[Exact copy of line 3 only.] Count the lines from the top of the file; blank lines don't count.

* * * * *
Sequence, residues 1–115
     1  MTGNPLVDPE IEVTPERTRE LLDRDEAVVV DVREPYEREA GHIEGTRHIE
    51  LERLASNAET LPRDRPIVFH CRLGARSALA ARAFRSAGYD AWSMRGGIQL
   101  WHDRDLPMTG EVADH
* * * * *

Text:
    51  LERLASNAET LPRDRPIVFH CRLGARSALA ARAFRSAGYD AWSMRGGIQL